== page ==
TRIKE TIP OVER
It can happen all to easily and so fast you can’t do anything to stop it. We may think we are safe because we have 3 wheels under us instead of just 2, but it just ain’t so. A tadpole trike can and will tip over quite easily. There are various factors which come into play that affect the stability of a trike. Two main things come to mind … 1) the center of gravity, and 2) the front wheel width (the distance the front wheels are apart). As to center of gravity the lower the seat is the lower the center of gravity is. Trikes with high seats are not nearly as stable as a trike with a low seat. Also carrying weight up high on the trike such as in panniers and worse yet … on top of a rear rack (luggage carrier rack) raises the center of gravity considerably. The higher the center of gravity to more easily a trike will tip over. It is best to keep the weight down as close to the ground as you can when loading it up with whatever you are hauling on it. If you have to haul stuff up high on a trike you should try to place only lightweight stuff up there.
The distance between the front wheels affects stability big time. The wider apart the front wheels are the more stable a trike is … the harder it is to tip it over. A narrow track trike will tip over fairly easy. Leaning into a sharp turn especially at speed helps reduce the likelihood of a tip over.
Another factor is weight distribution. A trike that has a seat which adjusts forwards and backwards on the frame can be a problem as moving the riders weight forward and back along the frame affects handling.
Here is a video showing a tip over. This rider was very fortunate as this could have resulted in disaster.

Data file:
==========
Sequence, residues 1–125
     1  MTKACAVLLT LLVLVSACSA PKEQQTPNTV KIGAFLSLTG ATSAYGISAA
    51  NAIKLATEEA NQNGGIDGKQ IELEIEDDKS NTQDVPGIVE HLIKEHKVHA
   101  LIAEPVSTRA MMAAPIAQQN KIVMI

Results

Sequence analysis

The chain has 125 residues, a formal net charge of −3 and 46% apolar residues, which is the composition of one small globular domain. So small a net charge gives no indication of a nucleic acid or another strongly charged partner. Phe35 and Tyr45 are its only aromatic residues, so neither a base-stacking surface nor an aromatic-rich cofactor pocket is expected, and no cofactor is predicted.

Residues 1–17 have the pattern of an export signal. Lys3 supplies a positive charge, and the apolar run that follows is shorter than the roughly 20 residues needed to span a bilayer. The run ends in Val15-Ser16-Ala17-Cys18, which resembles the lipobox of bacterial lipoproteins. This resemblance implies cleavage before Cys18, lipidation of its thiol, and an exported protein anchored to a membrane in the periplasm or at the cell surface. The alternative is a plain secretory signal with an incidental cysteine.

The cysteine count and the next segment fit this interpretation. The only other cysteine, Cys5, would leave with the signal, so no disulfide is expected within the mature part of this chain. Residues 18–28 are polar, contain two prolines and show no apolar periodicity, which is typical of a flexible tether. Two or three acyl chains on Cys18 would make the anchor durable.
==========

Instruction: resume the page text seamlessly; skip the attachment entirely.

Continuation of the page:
I have stopped this video numerous times trying to analyze what happened. It is rather difficult to see it as it is dark, but I am pretty sure that as the trike went into a sideways skid the rear wheel “caught” on a small rock or uneven ground and caused the tip over. Here are a couple of pictures in which I have placed red arrows pointing to the place where the rear tire slides around and catches on something. Where I have drawn the blue line also looks to be an unevenness in the surface of the dirt. This by itself could have been the cause of the tip over. It doesn’t take much to cause a tire to “catch” and tip the trike over.
Even though I can not pin point the exact cause of this tip over you have to admit that it happened quickly and once it started there was really nothing more she could have done to prevent it. She was doing the right thing as far as steering with the skid to control it. It was just a bad place for the skid to be occurring.
Here is another video showing a tip over taking place. Again, it happens so quickly.
I too have experienced tipping over more than once. One time while picking up trash along a local trail I was sitting still along an embankment I was reaching over toward the embankment to pick up some trash when my trike started to tip over. I tried to reach down to the ground with my hand to stop it, but I couldn’t and I not only tipped over, but I rolled on over partially down the embankment with my trike following after me and right on top of me pinning me down. It was a bit challenging to get out from under my trike and get myself back up to the top of the level ground up above. It happened right along the side of a busy road.I didn’t get hurt, but I sure was embarrassed. Fortunately my injuries have been few and minor. Obviously one can get seriously injured or even killed. Road rashes are quite common and they, of course, are painful.
OUCH! That hurts just looking at it.
So be careful while riding. We all want to …
KEEP ON TRIKIN’
A FREE GIFT awaits you!
HERE is an article about a velomobile tipping over. It is interesting and informative as it analyzes the tip over explaining what happened. It applies to a regular tadpole trike as well.